A Primeron the IMF's Information Notice System

Contributor Notes

Authors’ E-Mail Address: ddesruelle@imf.org

This paper describes the methodology and the data used to compute nominal and real effective exchange rate indices in the International Monetary Fund’s Information Notice System (INS). In particular, it highlights improvements to the INS implemented over 1994-96, including modifications to the computational methodology, use of updated data, and extension of the INS to recent Fund members.

Abstract

This paper describes the methodology and the data used to compute nominal and real effective exchange rate indices in the International Monetary Fund’s Information Notice System (INS). In particular, it highlights improvements to the INS implemented over 1994-96, including modifications to the computational methodology, use of updated data, and extension of the INS to recent Fund members.

I. Introduction

This paper describes the methodology and the data used in the International Monetary Fund’s Information Notice System (INS) to calculate effective exchange rate indicators. It is principally intended to help users of the INS and other interested parties gain a better understanding of the nature of the system’s effective exchange rate indicators and thus help them form a judgment of their diagnostic power in specific circumstances. A secondary objective of the paper is to present information on the system’s update carried over 1994-96. This update was only the second such exercise conducted since the introduction of the INS, the first one having taken place in 1986.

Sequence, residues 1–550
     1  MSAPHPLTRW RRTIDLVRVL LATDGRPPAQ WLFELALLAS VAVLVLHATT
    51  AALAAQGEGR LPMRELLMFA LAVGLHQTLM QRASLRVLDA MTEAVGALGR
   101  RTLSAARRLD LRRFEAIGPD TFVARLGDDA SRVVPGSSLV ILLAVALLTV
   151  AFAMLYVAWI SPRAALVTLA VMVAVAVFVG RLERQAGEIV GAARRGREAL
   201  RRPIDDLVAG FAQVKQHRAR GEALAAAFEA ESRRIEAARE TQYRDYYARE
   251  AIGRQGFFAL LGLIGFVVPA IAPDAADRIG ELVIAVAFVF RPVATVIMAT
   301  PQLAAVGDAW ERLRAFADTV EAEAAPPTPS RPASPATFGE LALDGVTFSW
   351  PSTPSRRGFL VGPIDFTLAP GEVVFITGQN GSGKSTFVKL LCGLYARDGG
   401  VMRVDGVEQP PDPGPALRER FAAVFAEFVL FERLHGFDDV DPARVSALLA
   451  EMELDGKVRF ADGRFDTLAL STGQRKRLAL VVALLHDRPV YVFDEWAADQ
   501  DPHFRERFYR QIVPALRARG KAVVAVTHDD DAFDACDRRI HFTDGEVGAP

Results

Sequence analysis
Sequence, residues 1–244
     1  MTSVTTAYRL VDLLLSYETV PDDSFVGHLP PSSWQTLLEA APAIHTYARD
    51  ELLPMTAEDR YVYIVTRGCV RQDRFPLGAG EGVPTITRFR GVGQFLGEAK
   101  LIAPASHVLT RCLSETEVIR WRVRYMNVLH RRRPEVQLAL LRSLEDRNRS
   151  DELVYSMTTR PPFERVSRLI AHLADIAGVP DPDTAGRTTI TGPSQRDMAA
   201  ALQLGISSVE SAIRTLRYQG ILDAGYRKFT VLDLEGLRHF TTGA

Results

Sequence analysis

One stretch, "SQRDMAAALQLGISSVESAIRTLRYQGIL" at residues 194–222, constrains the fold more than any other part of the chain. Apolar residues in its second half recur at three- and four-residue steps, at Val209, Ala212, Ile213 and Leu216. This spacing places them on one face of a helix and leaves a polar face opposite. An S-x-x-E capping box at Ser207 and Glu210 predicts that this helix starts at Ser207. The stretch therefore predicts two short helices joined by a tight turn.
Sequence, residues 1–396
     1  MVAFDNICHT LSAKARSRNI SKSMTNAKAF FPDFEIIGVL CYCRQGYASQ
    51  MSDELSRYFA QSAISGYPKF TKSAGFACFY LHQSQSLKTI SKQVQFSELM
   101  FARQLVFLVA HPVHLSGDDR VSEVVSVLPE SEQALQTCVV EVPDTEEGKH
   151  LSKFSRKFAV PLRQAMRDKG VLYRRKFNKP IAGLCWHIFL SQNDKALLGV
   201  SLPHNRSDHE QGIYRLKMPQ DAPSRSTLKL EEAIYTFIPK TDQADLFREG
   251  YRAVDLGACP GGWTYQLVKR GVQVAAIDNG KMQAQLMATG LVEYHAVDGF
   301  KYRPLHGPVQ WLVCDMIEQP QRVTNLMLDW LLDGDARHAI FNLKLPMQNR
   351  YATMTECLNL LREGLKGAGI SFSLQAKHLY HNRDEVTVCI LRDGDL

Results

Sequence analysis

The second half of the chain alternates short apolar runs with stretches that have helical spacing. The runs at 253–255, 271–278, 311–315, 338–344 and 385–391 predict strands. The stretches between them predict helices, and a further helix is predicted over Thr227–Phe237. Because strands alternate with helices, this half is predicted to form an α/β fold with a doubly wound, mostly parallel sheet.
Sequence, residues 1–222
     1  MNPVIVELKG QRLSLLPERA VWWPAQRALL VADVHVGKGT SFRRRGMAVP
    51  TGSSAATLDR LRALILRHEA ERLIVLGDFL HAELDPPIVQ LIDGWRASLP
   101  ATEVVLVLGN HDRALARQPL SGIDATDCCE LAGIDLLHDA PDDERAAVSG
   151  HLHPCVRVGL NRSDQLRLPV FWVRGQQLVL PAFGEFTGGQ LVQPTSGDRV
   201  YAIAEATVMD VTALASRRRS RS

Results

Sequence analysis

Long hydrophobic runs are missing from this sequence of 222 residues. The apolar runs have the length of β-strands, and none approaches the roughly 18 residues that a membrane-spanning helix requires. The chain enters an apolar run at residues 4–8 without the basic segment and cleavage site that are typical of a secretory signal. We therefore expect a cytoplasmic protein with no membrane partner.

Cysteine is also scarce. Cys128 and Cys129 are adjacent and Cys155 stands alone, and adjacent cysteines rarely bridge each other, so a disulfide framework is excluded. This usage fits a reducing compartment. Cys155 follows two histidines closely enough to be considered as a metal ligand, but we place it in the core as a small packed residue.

The paper is very much focused on describing the derivation and computation of effective exchange rate indicators in the INS. It touches only very briefly on the general properties and interpretation of different kinds of exchange rate indices. To compensate for the brevity of treatment of these issues, the reader will in appropriate places be referred to a number of articles on these questions.